29 Results After just 4 weeks of intervention: Tenfold increase in competencies rated in acceptable rangePercentage of employed clients rose from 27% to 45% (a 69% increase)81% of participants reported that their employment was a “good fit” with their career vision (a 200% increase)91% attributed the positive changes either partly (40%) or mostly (51%) to the intervention92% had a clear plan for next steps98% planned to use the Guides againOf 227 clients who provided work status information, 61 were working part time or full time before the intervention, and 166 were not working (see Table 11 for a breakdown by province). 27% of the sample, therefore, was working. By the end of the intervention, 103, or 45% of the original 227 were working – a 69% increase (see Table 12).
30 ResultsStatistically and clinically significant positive impact of career interventions across ALL sub- scores and across ALL employability dimensions – compelling evidence of positive changes in clients as a result of career interventionsAlthough see more positive trends for supported group, differences are not statistically significant
31 ResultsCareer practitioners care very much about their clients, so much so that they were reluctant to ask clients who might need support to join the study— “in case” they were randomly assigned to the independent groupTherefore the sample was too homogeneous to test properly the Self-help and Labour Market attachment indicesCareer practitioners care very much about their clients…BUT…in the next study, they CANNOT!
32 What did we learnWhat was most surprising?What are the implications for practice?
33 What did the study tell us? Career Development Interventions Work!Clients demonstrated substantial positive changes in skills, knowledge, personal attributes, employment and fit of employment.Many clients can benefit significantly from self-help resources when they are matched to their need and they are “launched” – moreso than we anticipated!This is especially noteworthy given the short intervention period of 4 weeks and the “real-life” setting in which the changes occurred.
34 The Tools and Guides are “Ready to Go” Virtually no adjustments are needed for use in typical employment centres across Canada. Self-help guides provided after a thorough needs assessment and orientation are effective and can be used as a first line of intervention, saving valuable practitioner time for clients who really need it, or potentially opening a promising perspective on online career services. This finding has considerable practical significance.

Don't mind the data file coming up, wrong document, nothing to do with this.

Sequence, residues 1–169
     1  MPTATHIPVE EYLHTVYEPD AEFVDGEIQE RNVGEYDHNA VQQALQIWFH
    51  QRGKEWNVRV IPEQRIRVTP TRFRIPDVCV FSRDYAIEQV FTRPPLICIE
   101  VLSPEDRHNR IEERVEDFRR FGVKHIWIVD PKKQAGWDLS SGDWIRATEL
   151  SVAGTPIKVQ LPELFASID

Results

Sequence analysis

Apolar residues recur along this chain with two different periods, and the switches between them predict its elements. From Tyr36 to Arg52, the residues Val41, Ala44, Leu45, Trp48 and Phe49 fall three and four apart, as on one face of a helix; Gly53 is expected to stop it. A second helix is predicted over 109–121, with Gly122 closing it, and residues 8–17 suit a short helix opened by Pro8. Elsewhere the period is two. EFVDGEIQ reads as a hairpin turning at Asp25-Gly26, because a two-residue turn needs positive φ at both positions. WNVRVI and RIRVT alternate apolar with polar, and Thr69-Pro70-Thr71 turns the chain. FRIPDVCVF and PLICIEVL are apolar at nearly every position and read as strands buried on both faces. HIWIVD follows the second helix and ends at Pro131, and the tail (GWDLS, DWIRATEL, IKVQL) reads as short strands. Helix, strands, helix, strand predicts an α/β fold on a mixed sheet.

36 Research Project #3: Common Indicators What had we learned?Where did we need to go next?
37 Activities that link to outcomes or deliverables Resources availableClient needs assessmentClient employment historySelf-help indexLabour market attachment indexActivities that link to outcomes or deliverablesGeneric interventionsWorking alliance,Specific interventionsLMI BookletsAdvice and Information InterviewsEmployability Dimension Coaching GuidesPractitioner Coaching using the GuidesExternal ReferralPROCESSESINPUTSClientContextLife visionNeedsGoalsOUTCOMESLearning outcomesAbility to use LMI resources alone and with assistanceAbility to use Coaching Resources alone and with assistanceHaving an employment goal/visionSkills in employability dimension indicatorsPersonal attribute outcomesChanges in intrapersonal variables e.g., attitudes, self-esteem, motivation, etc.Impact OutcomesChanges in the client’s life resulting from application of learning
38 Unanswered QuestionsWe have data/evidence of positive impacts from specific interventions for certain kinds of clientsWe do not have data/evidence of positive impacts from employment services overallWe do not have a data gathering tool that can be used to gather common data across divergent employment service settings
39 Therefore the next step: Common Indicators Project Key research questions:What common indicators are applicable across different contexts, different client groups, different agencies and different interventions?What statements of service effectiveness can be made by tracking common indicators?and
40 IF numbers permit… the ultimate question: What kinds of interventions in what contexts produce what kinds of results?
41 How we investigated Literature Review Focus Groups Compare the two Accept those in common and most robust